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OHIO honors student presents research at regional journalism conference

Mar 20, 2018
Conferences, Journalism, Students, Research

OHIO Honors Tutorial College sophomore Julie Ciotola, left, presents her research about news story framing at the Region 4 Society of Professional Journalists Conference in Pittsburgh on March 10. Looking on are Dan Heyman, reporter for Public News Service, and reporter Wendy Holdren from The Register-Herald in Beckley, West Virginia. / Photo provided

OHIO honors student presents research at regional journalism conference

ATHENS, Ohio (March 20, 2018)–Journalists should craft stories that show a community’s resilience, not just tragedy, in the aftermath of a traumatic event.

That’s the message Ohio University student Julie Ciotola shared with colleagues at the Region 4 Society of Professional Journalists Conference at Point Park University on March 10.

Ciotola, who is studying journalism through the Honors Tutorial College, shared results from her content analysis of the 2012 Newtown, Connecticut, school shootings that took the lives of 20 children, six staff members, the shooter’s mother and the shooter.

The Akron sophomore conducted the content analysis of 30 national media stories reported the day of and three days following the shootings. Her research was compiled for a fall Honors Tutorial College course titled Journalism and Trauma taught by professor Nerissa Young.

“In the 24/7 rush to report the news, it’s difficult for journalists to find time to reflect on what they do,” Young said. “Julie’s research offers insightful findings and guidance for reporters who are covering trauma, whether that trauma is a 9/11 style of attack or a car wreck that kills three students from the same high school.”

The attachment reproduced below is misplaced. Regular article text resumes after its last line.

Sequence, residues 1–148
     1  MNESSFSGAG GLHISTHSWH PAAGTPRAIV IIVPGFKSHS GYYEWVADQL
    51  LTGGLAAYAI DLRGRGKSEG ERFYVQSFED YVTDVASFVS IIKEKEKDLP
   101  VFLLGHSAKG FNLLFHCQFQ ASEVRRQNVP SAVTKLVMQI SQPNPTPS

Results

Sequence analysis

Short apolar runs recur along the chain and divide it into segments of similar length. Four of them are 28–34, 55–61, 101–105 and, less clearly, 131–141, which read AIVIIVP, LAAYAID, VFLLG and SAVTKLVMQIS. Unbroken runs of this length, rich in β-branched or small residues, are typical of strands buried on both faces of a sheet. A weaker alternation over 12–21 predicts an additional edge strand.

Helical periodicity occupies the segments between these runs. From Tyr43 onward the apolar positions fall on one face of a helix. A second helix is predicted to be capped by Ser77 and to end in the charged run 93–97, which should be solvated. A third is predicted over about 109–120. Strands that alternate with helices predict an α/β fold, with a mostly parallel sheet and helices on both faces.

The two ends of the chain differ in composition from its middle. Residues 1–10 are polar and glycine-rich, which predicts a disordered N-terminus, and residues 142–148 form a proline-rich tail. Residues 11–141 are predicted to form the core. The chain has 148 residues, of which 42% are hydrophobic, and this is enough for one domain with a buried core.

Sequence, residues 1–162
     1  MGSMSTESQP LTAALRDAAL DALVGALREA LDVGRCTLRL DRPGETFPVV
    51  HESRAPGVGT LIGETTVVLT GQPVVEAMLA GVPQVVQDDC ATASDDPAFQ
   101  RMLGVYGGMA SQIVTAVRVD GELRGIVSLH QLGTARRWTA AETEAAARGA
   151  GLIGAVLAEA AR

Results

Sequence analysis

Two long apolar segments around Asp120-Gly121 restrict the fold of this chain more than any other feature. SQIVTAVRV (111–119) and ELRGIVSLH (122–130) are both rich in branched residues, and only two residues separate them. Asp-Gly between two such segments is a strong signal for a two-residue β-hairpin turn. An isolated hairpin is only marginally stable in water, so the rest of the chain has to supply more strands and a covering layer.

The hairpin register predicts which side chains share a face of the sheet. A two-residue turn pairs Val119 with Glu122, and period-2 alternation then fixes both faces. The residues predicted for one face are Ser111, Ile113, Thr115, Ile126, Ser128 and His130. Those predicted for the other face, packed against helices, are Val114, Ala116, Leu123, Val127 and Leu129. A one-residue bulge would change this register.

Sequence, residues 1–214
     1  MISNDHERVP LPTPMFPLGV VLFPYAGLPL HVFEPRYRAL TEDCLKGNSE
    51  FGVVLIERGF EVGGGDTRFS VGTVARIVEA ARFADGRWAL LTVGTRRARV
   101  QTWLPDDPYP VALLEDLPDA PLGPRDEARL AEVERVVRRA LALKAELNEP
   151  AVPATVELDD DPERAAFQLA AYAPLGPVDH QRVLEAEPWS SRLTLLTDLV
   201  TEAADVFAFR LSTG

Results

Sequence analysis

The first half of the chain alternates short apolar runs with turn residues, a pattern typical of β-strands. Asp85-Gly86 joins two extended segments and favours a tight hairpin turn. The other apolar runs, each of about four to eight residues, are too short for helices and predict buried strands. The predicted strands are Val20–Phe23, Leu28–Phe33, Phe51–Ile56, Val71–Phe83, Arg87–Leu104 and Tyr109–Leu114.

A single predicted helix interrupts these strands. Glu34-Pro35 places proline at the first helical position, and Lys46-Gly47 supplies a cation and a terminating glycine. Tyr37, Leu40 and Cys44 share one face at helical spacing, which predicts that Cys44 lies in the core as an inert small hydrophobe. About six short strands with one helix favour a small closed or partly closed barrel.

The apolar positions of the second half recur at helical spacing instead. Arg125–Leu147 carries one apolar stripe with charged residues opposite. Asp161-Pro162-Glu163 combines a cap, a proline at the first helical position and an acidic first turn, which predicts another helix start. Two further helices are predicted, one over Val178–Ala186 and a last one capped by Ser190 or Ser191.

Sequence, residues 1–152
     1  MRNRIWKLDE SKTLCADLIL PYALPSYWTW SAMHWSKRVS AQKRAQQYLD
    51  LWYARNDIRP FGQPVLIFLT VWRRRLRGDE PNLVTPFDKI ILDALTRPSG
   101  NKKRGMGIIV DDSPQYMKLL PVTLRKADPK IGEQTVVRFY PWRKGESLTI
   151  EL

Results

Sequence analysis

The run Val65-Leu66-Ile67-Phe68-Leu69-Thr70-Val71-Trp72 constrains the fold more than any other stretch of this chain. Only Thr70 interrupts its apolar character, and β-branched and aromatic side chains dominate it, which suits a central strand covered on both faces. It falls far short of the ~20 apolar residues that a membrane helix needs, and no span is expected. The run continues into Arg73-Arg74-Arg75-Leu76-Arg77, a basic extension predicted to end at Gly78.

Ciotola analyzed headlines and stories and coded results based on traditional and public health model news frames as identified in research published by The Dart Center for Journalism and Trauma.

The traditional news frame focuses on the basic facts of the event such as who, what, where and how many.

A public health model news frame focuses on larger societal issues. Using a school shooting as an example, a public health model news frame may focus on gun violence, lawmakers and policy.

Ciotola also crafted her own news frame to focus on resilience and the victims. She coded for words such as recovery, courage, family and help.

Results showed national media coverage overwhelmingly adopted the traditional news frame when reporting on the Sandy Hook Elementary shootings with 43 coded words in headlines and 259 coded words in news stories. The resilience frame came in second with 19 coded words in headlines and 76 in news stories. The public health model frame placed a distant third with two words in headlines and 36 in news stories.

Ciotola said: “The majority of the media’s audience does not live in Newtown. Therefore, their perception of Sandy Hook and the tragedy is largely influenced by the media they consume. For those who do not live in Newtown, life moved on the day after the shooting. They did not have to wake up and face the reality of a deceased child or sibling.”

She added: “My research taught me that, as journalists, we need to dig deeper in our trauma reporting. Focusing on public health issues and aspects of resilience alerts the larger community to the human aspects behind trauma and reminds us to practice compassion and to constantly seek to improve the world around us. A good journalist reports facts but also tells the full story.”

Ciotola’s presentation was part of a panel discussion titled “Covering Trauma: The Human Cost of Journalism.” Other presenters included reporter Wendy Holdren and former reporter Sarah Plummer, both from The Register-Herald in Beckley, West Virginia; and Dan Heyman, a Charleston, West Virginia-based reporter for Public News Service. Young moderated the panel.

-From faculty reports